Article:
26: Autumn 2010

Author: James McCombe

Season of Mists

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Season of Mists
James McCombe

Close bosom-friend of the maturing sun, well if Keats had been out and about in Riverside Place in October last year these words would not have come to mind. While one day it was sunny with the wind sweeping down from what’s left of the Polar Ice Cap, though my ears tell me it’s still there, the next day the rain is being driven by the prevailing winds across the River Tay estuary. Not so much mellow but the explosive climax of the dying year. The plants were closing down and preparing themselves for another winter and another year. Even then there are some which are making a late bid to catch up and exploit the lack of competition.

Probably the most notable of all the flowering autumn plants are the nerines of which Nerine bowdenii is the most reliable and hardiest of the genus. Notwithstanding, it is worthwhile trying some of the other cultivars of which I have two and hope to add a third. The first one I acquired was N. bowdenii ‘Marnie Rogerson’, then there was N. ‘Stephanie’. I tried a third, the pure white N. ‘Virgo’, unfortunately this turned out to be N. bowdenii which I already have. Nerines like good light, either south or north facing. Being South African bulbs they prefer good drainage, a fertile soil is not necessary and unlike most bulbs they should be planted with the base of their necks at ground level with the tip clearly showing. It is not uncommon after a few years for the bulbs to end up on the surface as a result of overcrowding, this does no harm. In fact they are supposed to like remaining undisturbed. On one visit to Benmore Botanic Garden (a satellite of Royal Botanic Garden Edinburgh) I was quite surprised to see a large group of N. bowdenii flowering in the walled garden despite the 100 plus inches of rain (or to be melodramatic, 8 feet of water) per year.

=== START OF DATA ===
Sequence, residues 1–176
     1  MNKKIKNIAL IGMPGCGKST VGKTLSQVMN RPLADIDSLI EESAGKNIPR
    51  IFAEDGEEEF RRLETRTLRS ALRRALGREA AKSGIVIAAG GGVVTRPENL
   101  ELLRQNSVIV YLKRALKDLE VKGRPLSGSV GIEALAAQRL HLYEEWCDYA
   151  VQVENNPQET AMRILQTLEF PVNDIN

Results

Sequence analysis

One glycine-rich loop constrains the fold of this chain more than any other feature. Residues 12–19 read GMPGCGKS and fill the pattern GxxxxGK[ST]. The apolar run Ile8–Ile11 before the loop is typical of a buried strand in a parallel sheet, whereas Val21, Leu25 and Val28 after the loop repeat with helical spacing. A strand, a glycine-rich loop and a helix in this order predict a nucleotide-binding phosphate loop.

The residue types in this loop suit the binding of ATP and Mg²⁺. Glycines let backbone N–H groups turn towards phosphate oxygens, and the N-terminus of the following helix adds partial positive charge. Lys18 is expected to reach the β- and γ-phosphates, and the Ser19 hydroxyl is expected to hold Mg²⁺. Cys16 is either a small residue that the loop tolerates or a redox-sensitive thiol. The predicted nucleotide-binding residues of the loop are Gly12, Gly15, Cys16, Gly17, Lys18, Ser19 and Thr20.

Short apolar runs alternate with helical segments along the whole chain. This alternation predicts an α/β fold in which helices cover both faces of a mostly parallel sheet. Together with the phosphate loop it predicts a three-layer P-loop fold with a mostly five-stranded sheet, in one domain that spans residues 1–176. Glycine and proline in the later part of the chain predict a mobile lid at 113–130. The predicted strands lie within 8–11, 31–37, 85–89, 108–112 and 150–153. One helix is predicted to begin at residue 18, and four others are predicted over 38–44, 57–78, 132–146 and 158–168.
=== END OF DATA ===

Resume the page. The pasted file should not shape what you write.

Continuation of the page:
With regard to the aforementioned cultivar N. b. ‘Marnie Rogerson’, this has turned out to be a disappointment compared to N. ‘Stephanie’. It lacks the vigour and has shown to be unwilling to build up bulbs quickly still having only five bulbs after about eight or nine years, while ‘Stephanie’ has now six or seven bulbs despite being planted a couple of years later and only 18 inches away. N. b. ‘Marnie Rogerson’ is a delicate shade of pale salmon pink infused with white. Bob Brown’s Cotswold Garden Plants web site lists it as easy, I must be going wrong somewhere, so I propose raising it a couple of inches. The anthers are a delightful ivory while the filament is a stronger pink. The backs of the petals are a slightly stronger salmon pink. ‘Stephanie’ is similar to ‘Marnie Rogerson’, when in bud but it opens out to reveal white petals with slight streaking of salmon pink towards the throat and salmon pink in bud fading to white on the inside and outside.

To appreciate the subtleties of these flowers close inspection is required. The light green strap shape foliage is scruffy and of no great ornamental value but they are not grown for their foliage. Over the years the necks of the bulbs gradually elongate with dying of the leaves which form the neck.

Nerines are definitely a must for this time of year. The weather resistant flowers defy all that the wind and rain can throw at them, quite remarkable for a South African plant, the flowers remaining unblemished even after several weeks of sunshine, wind and rain. Mine stand face on to the wind blowing up the River Tay. The Cotswold Garden Flowers web site has a good collection of hybrids for sale. Must get one of the reds, this is what happens when one writes articles, one ends up talking oneself into getting some plants.

First published in the Scottish & Northern Borders Group Newsletter, Spring 2009
and subsequently in Cornucopia Issue 26.
© Copyright for this article: James McCombe

This article was taken from a copy of Cornucopia that was published in 2010. You could be reading these articles as they are published to a national audience, by subscribing to Cornucopia.

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